How are Credit History and Payment History Different?

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Navigating the world of credit can sometimes feel like trying to decipher ancient hieroglyphics. Two terms that often get thrown around are "credit history" and "payment history." While both affect your credit score and are often mixed up, they have different impacts on your financial health. Keep reading as we break down the difference between credit history and payment history, explaining why they matter and helping you make informed financial decisions along the way!

Credit History Explained: Your Financial Biography

Think of your credit history as a long, detailed biography. It’s a record of all your credit activities over the years. This includes credit cards, loans, mortgages, and other lines of credit you've opened. Here’s what makes up your credit history:

  • Accounts Opened: Every line of credit you’ve opened, be it a credit card or a mortgage.
  • Balances Owed: How much you owe on these accounts.
  • Credit Limits: The maximum you are allowed to borrow on your credit lines.
  • Length of Credit History: How long each account has been active.

Your credit history is what lenders look at to understand your overall credit behavior. It’s like reading a novel about your financial decisions, giving them an overview of how you handle debt.

Why Credit History Matters

Your credit history isn't just a small piece of your credit score—it contributes about 15%. Having a strong credit history can unlock many financial opportunities. Here's how:

  • Loan Approvals: Lenders often consider your credit history when deciding whether to approve your loan application. A positive history increases your chances of approval.
  • Interest Rates: With a good credit history, you may qualify for lower interest rates on loans and credit cards, saving you money over time.
  • Credit Limits: A strong credit history can result in higher credit limits on your credit cards, giving you more financial flexibility.

Payment History Explained: The Report Card of Your Financial Life

Now, let’s talk about payment history. If your credit history is a biography, your payment history is like a report card. It shows how reliably you make payments on your debt. Here’s what it includes:

  • On-Time Payments: A record of whether you pay your bills on time.
  • Late Payments: Notes on any payments you have missed or paid late.
  • Defaults: Instances where you failed to pay back a loan or credit card debt.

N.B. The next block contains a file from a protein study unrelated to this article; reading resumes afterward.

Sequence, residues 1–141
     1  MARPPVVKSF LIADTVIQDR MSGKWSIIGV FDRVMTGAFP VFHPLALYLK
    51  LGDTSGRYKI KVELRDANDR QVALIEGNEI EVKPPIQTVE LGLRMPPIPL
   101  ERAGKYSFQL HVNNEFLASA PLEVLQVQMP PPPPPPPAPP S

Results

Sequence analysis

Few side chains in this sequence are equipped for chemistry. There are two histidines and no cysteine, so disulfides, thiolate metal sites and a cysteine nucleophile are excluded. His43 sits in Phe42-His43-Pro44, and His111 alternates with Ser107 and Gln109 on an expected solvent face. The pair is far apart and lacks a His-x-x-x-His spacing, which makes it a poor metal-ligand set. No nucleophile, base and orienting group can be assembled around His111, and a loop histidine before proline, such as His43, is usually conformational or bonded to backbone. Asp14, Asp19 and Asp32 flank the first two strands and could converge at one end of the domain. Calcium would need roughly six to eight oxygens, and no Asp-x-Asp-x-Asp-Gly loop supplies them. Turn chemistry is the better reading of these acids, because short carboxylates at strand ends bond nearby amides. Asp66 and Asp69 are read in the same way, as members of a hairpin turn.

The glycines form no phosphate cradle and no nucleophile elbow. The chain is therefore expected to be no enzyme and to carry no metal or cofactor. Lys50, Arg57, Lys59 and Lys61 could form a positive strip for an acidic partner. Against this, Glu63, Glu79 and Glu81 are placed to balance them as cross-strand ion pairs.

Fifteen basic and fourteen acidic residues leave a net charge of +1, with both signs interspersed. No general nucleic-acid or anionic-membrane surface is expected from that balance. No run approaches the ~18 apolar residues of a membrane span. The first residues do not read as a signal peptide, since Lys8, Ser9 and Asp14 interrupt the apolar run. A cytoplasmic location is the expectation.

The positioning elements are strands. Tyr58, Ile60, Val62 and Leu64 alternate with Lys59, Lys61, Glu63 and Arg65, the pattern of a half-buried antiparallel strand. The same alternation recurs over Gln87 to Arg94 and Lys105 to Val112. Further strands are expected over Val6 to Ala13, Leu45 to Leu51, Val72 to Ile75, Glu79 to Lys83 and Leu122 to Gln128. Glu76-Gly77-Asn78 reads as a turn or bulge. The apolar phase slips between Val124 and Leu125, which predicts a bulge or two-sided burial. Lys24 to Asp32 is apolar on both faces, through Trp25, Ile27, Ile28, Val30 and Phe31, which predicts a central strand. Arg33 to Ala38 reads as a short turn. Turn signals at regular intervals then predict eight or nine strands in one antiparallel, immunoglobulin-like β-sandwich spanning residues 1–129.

• Collections: Accounts that have been sent to collections due to nonpayment.

Why Payment History Matters

Your payment history is the heavyweight champ of your credit score, making up about 35% of it. Here’s why it’s so important:

  • Reliable Payments: Consistently making on-time payments demonstrates reliability to lenders and positively impacts your credit score.
  • Avoiding Penalties: Late or missed payments can lead to penalties and negatively affect your credit score.
  • Improving Creditworthiness: A strong payment history can enhance your creditworthiness, opening the doors to positive financial opportunities in the future. (Ex: It becomes easier to secure loans and credit cards with perks).

Ultimately, your payment history helps lenders gauge how likely you are to repay borrowed money. After all, why would anyone lend money if there’s a high chance it won’t be repaid?

Financial Wellness and Credit Building at Academy Bank

Understanding and managing both your credit and payment history are key steps toward financial wellness. And remember, at Academy Bank, we are here to help you every step of the way.

Ready to start building your credit? Check out our unique financial products, like the Credit Builder Secured Credit Card, designed to guide you on your credit journey. Get started today and take control of your financial future with Academy Bank!


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Subject to credit approval. Transaction and Penalty fees apply.  Credit Builder Savings account required. $5.00 quarterly fee charged to the Credit Builder Savings account if not enrolled in eStatements. Improved credit score is not guaranteed. Credit score is determined by credit reporting agencies based on multiple factors, but satisfactory performance on a credit card product can improve your credit score. Default on a credit card, including missed or late payments can damage your credit score. Once added, funds cannot be withdrawn from the Credit Builder Savings account and the Credit Builder credit card without closing the savings account and the credit card.